“I need to bring my pet in for some vaccinations.” Our hospital’s client care specialists frequently hear some version of this sentence. It is easy to think that only vaccines are given during an appointment, but a good wellness visit is made up of many additional components. Viewing a preventive visit through the eyes of a veterinarian will present a new perspective on all that we do to keep your pet healthy.
Taking your pet’s history
This gives us a feel for changes since your pet’s last visit, and helps us catch any red flags. Your offhand remark about your old dog getting lazy is our signal to look closely at her heart, lungs, and joints. What you attribute to her picky eating may actually be a sign of dental disease or organ dysfunction. Anything out of the ordinary you observe about your pet is worth mentioning.
Performing a physical exam on your pet
A thorough nose-to-tail exam is critical for detecting abnormalities before they become a problem for your pet. All her body systems are evaluated for the following disease signs:
- Eyes—uneven pupils, irritated areas, cloudy lens, or injured cornea
- Ears—discharge, redness, or masses
- Mouth—accumulated tartar, fractured teeth, improper bite, masses, or ulcers
- Lymph nodes—enlargement
- Skin—masses, parasites, redness, sores, or flakes
- Abdomen—pain, organ enlargement, or masses
- Heart—murmurs, abnormal rhythms, or improper rates
- Lungs—crackles or wheezes
- Limbs and spine—pain, swelling, or muscle atrophy
We will discuss any abnormal findings with you, document them carefully, and address problems with the indicated diagnostics or treatments.
Diagnostic tests for your pet
Your pet’s species, age, living situation, historical problems, and new abnormalities dictate the diagnostic tests we may recommend. Here are a few possibilities:
- Heartworm — A yearly test run on dogs to facilitate detection and treatment of heartworms before irreversible heart damage occurs
- FELV/FIV — A test to find feline leukemia virus (FELV) or feline immunodeficiency virus (FIV) infections in cats, so we can develop a lifelong management plan
- Chemical profile — A useful test to detect early organ dysfunction in senior pets, or to monitor pre-existing conditions
- Complete blood count (CBC) — A CBC gives a count of red and white cells, and platelets, to detect anemia, infection, or clotting problems
- T4 — A test of thyroid-hormone levels to diagnose or monitor treatment of thyroid disease
- Urinalysis — An evaluation of urine concentration, and screening for abnormal cells or components that indicate disease
- Fecal test — A fecal-sample test for diagnosis and treatment of internal parasites that compromise your pet’s health
Administering pet vaccinations
Vaccinations are a safe, effective way to protect your pet from diseases that may cause significant harm, and sometimes death, making them one of the most important preventive measures you can take for your pet. Based on vaccination principles and your pet’s lifestyle, we will recommend the vaccination types and schedules that best meet your pet’s needs. While buying vaccines at a feed store and administering them yourself may be tempting, this approach is not recommended, as improper storage or handling may render them ineffective.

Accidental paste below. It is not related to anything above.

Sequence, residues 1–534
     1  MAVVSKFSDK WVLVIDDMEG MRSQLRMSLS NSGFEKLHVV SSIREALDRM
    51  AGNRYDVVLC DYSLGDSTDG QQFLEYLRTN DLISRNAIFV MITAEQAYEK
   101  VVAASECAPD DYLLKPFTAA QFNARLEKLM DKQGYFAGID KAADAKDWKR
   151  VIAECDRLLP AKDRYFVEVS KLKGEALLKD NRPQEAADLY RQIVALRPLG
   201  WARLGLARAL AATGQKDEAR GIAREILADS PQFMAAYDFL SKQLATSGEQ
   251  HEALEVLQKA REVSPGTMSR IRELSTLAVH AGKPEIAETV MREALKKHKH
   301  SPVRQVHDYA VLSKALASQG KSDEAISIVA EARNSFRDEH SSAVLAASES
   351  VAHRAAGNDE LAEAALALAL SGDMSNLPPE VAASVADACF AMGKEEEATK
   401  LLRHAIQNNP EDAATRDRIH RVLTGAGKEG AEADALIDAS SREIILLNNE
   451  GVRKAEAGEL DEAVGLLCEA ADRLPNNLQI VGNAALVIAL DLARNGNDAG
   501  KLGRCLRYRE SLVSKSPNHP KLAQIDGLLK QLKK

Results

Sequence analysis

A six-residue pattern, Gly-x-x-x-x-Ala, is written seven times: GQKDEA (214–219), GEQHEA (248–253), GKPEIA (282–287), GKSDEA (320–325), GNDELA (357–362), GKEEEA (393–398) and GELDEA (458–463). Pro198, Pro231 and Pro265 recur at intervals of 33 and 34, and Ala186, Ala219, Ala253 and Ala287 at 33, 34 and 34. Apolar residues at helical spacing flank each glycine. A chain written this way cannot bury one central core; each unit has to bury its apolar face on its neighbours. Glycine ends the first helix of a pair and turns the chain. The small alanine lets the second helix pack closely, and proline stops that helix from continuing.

Selecting parasite preventives for your pet
We consider the available products, your concerns, and your pet’s health and lifestyle to create the best plan for flea, tick, heartworm, or intestinal-parasite control. The preventive products in most pet stores range from ineffective to sometimes dangerous, whereas the veterinary products that we select and recommend specifically for your pet are a safer, superior option for preventing parasite-related diarrhea, weight loss, heart damage, skin irritation, or disease transmission.
A consultation about your pet’s behavior
Avoidance and management of behavior problems that impact your pet’s mental health and strain your bond are important, but less obvious, aspects of preventive care. With a new puppy we may discuss housebreaking, chewing, or socializing. Your pregnancy announcement means our tips to ease your pet’s transition to another human sibling. Mention of a cat urinating on clothes, or a dog showing separation anxiety, prompts digging deeper to propose solutions for your pet.
Nutrition counseling for your pet
The dietary options for your pet may seem endless, but your choices can have important implications for her health. Grain-free diets, or those with exotic ingredients, must be fed with caution, because they have been reported to be linked to dilated cardiomyopathy, a serious heart condition in dogs. Large-breed puppies on a free-choice puppy food may be at higher risk for orthopedic issues due to rapid growth. Home-cooked diets must be formulated properly to avoid nutritional deficiencies. We will use our knowledge to guard your pet’s health through proper food selection.
Are you surprised at the breadth of a wellness exam? It is so much more than giving vaccinations and selling parasite preventives. Contact us to get your pet on our schedule to ensure her healthy start to the New Year, and you will see our excellent veterinary team in action.